Perhaps because until now, privacy has been the other side of the coin to our identity. We have seen ourselves as individual entities, in contact with the outside world for sure, but at the same time always distinct from it. We have interacted with that outside world, but only in the way and at the times we have chosen. You have secrets, memories and hopes to which no one else has automatic access; a private life, distinct from a professional one, as well as a multifaceted one of individual friendships where we vary what and how much we confide in someone else. Above all you have an inner narrative, an ongoing thought process that is yours alone: until now.

Another new feature of `Facebook Home' will be `Chat Heads', which means that when anyone contacts you on your mobile, a little `bubble' featuring a picture of that person will appear with the text. These illustrated `bubbles' will appear on the mobile screen, no matter what you are currently doing on your phone, allowing constant maintained `illustrated' contact. But if you're anchored increasingly in the present, consequently constantly catering for and to the demands of the outside world, that inner narrative might be now even harder to sustain. The mind might remain more child-like, reactive and dependent on the behavior and thoughts of others.

Already we are seeing a generation of 20-somethings still living at home, wearing `onesies' (all in one crawler suits usually reserved for very small infants), perhaps playing mythical or sci-fi games with simplified values of all-good or all-evil, and/or craving the constant attention of others through social networking sites. The `you' externally constructed by Facebook, accentuated further by the latest operating system, may not allow much time and opportunity for internal memories to mature, nor private reflections to develop into a fully-fledged, individual mind. But if you now define yourself externally by the instant thumbs-up from others, then abolition of privacy is to be welcomed in order to belong, and for a new type of identity to flourish - one that is hyper-connected and collective.

Perhaps it will mean living a life where the thrill of reporting and the receiving completely trumps the ongoing experience itself. Your identity now is paradoxically online moment-to-moment but essentially offline in how you register it. The momentary excitements you're feeling are generated not by raw, first-hand life itself, but by the slightly delayed, indirect experience of the continuing reaction and approval of everyone else.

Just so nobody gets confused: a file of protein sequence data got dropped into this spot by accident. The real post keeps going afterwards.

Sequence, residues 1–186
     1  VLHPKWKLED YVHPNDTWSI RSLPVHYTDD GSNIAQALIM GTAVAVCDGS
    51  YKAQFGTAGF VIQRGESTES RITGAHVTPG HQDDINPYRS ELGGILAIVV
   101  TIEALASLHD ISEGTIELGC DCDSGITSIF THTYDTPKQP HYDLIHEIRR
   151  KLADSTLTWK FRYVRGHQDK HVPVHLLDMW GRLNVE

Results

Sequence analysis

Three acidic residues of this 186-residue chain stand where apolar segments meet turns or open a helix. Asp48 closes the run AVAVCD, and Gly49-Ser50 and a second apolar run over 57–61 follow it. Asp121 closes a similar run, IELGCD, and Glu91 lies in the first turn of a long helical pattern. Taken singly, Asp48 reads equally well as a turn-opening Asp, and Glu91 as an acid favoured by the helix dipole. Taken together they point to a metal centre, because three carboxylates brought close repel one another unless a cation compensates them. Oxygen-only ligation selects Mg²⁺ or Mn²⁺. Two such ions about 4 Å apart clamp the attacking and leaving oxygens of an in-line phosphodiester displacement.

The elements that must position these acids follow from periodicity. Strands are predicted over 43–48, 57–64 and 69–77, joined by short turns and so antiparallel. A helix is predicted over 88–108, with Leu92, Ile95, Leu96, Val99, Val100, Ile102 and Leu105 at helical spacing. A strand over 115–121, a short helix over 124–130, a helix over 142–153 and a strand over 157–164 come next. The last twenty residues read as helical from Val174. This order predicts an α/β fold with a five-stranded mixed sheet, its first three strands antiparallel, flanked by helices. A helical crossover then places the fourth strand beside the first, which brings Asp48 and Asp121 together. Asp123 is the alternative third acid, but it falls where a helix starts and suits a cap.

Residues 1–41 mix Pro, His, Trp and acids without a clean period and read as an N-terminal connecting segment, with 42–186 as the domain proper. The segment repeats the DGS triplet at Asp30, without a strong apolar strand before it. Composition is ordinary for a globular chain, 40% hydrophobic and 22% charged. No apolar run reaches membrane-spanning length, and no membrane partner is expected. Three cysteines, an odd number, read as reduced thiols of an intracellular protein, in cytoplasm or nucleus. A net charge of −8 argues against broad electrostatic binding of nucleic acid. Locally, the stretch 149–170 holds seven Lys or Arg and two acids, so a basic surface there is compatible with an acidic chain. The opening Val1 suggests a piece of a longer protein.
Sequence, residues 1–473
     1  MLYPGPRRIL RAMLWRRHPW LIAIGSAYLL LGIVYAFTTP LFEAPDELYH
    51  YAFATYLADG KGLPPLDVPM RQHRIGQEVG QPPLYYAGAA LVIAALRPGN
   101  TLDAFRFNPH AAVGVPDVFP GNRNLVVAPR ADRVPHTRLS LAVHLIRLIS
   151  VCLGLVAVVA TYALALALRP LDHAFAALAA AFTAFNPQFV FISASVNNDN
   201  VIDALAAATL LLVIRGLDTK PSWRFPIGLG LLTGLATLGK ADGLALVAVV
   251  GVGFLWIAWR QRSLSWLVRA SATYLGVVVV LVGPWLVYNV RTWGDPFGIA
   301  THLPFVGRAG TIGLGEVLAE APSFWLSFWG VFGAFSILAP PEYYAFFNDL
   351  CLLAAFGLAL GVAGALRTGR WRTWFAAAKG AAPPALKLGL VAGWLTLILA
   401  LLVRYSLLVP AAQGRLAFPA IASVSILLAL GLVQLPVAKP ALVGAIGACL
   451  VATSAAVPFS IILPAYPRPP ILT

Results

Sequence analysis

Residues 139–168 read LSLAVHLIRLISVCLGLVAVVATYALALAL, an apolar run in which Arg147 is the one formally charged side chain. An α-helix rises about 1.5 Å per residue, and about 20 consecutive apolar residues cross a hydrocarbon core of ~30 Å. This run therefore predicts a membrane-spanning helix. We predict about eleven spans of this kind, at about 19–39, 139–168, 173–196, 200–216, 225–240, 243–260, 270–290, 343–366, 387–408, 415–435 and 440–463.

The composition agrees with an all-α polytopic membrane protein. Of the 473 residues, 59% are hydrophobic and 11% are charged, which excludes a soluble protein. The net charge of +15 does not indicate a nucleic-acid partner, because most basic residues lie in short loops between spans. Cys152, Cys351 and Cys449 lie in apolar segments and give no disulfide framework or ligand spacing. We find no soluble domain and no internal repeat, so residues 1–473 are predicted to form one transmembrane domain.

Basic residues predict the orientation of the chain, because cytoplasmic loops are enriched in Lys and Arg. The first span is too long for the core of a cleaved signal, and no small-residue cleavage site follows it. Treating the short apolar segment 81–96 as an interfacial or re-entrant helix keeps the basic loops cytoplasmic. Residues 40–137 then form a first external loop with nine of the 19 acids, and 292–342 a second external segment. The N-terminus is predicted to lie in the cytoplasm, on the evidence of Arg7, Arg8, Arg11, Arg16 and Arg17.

If we're going to be living in a world where face-to-face interaction, unpractised as it is, becomes uncomfortable, then such an aversion to real life, three-dimensional communication combined with a more collective identity, may be changing the very nature of personal relationships themselves. The speed required for reaction and the reduced time for reflection might mean that those reactions and evaluations themselves are becoming increasingly superficial.

It is important to bear in mind that the interaction between the brain and the environment is a two-way dialogue: just as important as how we view and use the latest technology, is the impact that an environment dominated by wizardry such as `Facebook Home' will have on shaping our minds - and hence most significantly, on how we view ourselves.


1 comment:

Olaf Koenders said...

I always liked Susan as a neuroscientist, but I'm still largely unaware of her dealings outside her documentaries.

The main problem is the sheer addictability of BookFace et. al. Likely the reason being that the VAST number of "friends" they have on BookFace, they've never met and don't know where they live. So they can happily stroke their pathetic egos while flaming others.

It's difficult to carry out a face to face conversation with these twerps when they immediately ignore you the nanosecond their phone farts.

The last time a workmate did that to me when I met him at the shopping centre, I just walked off.

Certain members of my family-in-law will switch the TV over to the cricket - much to my annoyance as I was immersed in a doco about geology - and promptly stare blankly into their phones and BookFace, rarely even looking up at the telly again.

That's addiction in the information age. The moment they lose their phone for a few seconds the entire planet has to grind to a halt or have to backtrack as many miles as necessary until this insipid little box is once again firmly attached to their thumbs.

Lose the credit card however, who cares?